Are you ready to move to change? Join an international dance exchange to Panama for 8-days of teaching dance, learning from local dance professionals, forming connections, exploring history and culture, and uniting dance and service.
Why Join an International Dance Exchange?
If there’s one word to describe an international dance exchange, it’s inspirational. During this exchange, you’ll discover the power that dance has as a universal language. You’ll have the opportunity to connect with dance professionals and peers in Panama and form friendships through movement. So if you’re ready to move to change, this experience is what you’ve been waiting for.
Upcoming Exchanges in Panama
- August 6-13, 2023
- We also organize exchanges for private groups of dancers from universities, schools, and studios
How to Join:
First, apply to join. You’ll receive an email with a registration form and more information about your deposit, flights, and travel information.
For more information on Panama and how to prepare for your exchange, view the following resources.
If you would like to organize your own group exchange with dancers from your studio, high school, or university, contact us at email@example.com.
Chapter Member: $1,500
A $500 non-refundable and non-transferrable deposit will be due at least 3 months before the exchange. The remainder of your program donation will be due at least 1 month before the exchange.
*If an exchange is cancelled due to COVID-19, we will issue a refund of the deposit.
- Eight days and seven nights of lodging in shared rooms
- Transportation to and from the airport in Panama City (PTY)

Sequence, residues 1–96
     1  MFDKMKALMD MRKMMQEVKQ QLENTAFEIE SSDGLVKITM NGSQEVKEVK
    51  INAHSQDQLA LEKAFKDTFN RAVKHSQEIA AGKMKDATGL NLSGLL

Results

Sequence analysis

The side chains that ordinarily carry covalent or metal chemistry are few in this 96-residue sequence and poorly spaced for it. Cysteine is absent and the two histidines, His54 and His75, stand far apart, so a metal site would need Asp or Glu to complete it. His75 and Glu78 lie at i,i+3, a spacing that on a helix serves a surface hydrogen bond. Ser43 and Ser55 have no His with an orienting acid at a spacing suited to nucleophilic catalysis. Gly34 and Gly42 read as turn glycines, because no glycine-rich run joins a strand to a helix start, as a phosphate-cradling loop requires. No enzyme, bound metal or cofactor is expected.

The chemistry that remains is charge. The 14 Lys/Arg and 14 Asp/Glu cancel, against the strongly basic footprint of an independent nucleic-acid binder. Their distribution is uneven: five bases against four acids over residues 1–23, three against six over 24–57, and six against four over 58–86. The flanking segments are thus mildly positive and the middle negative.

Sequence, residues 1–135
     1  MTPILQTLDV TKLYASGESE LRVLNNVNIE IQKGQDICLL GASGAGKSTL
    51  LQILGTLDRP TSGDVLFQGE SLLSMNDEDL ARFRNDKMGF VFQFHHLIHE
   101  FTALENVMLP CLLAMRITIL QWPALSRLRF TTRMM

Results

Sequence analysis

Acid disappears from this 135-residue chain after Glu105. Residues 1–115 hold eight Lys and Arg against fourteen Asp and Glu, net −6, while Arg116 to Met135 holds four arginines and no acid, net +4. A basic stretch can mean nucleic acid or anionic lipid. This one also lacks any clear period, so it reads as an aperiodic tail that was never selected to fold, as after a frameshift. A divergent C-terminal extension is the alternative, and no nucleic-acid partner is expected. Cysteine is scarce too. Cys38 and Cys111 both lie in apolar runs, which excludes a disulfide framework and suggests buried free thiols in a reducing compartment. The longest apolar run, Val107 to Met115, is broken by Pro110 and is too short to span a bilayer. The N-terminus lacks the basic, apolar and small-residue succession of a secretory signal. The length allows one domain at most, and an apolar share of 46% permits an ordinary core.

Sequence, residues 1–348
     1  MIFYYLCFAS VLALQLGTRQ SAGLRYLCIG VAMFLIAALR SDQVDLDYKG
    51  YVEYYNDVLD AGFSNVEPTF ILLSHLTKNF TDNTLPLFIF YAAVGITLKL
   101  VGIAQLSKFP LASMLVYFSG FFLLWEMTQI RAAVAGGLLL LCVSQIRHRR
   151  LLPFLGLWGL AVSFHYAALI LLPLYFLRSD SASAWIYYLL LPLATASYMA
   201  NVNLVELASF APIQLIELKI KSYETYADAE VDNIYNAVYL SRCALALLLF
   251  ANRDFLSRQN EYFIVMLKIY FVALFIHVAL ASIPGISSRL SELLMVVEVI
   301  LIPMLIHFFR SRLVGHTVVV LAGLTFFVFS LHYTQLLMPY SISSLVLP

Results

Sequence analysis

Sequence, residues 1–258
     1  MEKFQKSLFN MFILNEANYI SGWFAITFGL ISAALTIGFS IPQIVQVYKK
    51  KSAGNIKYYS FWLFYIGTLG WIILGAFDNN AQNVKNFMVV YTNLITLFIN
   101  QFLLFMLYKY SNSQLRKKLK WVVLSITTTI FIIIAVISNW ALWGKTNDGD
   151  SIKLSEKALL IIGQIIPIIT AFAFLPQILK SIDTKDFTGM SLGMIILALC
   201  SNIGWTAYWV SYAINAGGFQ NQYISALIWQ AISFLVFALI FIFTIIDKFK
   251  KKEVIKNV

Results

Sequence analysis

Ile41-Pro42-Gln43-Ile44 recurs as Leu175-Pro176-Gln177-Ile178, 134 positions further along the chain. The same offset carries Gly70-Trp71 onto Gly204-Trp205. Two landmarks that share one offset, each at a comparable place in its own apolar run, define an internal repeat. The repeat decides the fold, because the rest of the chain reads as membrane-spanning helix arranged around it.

- Daily transportation between activities
- 24/7 guides and translators
- Classes with local dance professionals
- Discussions on Panamanian culture
- Breakfast, lunch, and most dinners
- Excursions to beaches and/or other tourist sites
- Pre-program preparation
Does Not Include
- Airfare to and from Panama City (PTY)
- Some dinners
- Personal expenses
- International travel/health insurance
Afternoon: Welcome to Panama, an isthmus connecting the Atlantic and Pacific Oceans! Following your airport pick-up, we’ll review the itinerary for the week and get settled into our accommodations in Casco Viejo, the historic neighborhood of Panama City.
Evening: Time to celebrate your group’s arrival with a welcome dinner in Casco Viejo surrounded by brightly colored colonial Spanish and French architecture.
Morning: We start off our day with a hike up Cerro Ancon, a small inner-city rainforest with a breathtaking view of Panama City. After the hike, is a dance class taught by the dance majors at the University of Panama. We’ll be able to meet faculty and hear more about their department.
Afternoon: Across the scenic Bridge of the Americas is the Malambo Orphanage in the town of Arraijan. Malambo is home to over 100 children, the majority of which are girls. You may not speak Spanish, but you speak the language of dance. We will break into 2 groups and teach class to the girls for the rest of the afternoon.
Evening: We’ll head back to Casco Viejo for reflections and dinner on your own. Be sure to ask the Movement Exchange team for any suggestions!
Morning: Today begins with class in one of the following techniques: contemporary, breakdance, or dancehall. All classes will be taught by local dance professionals.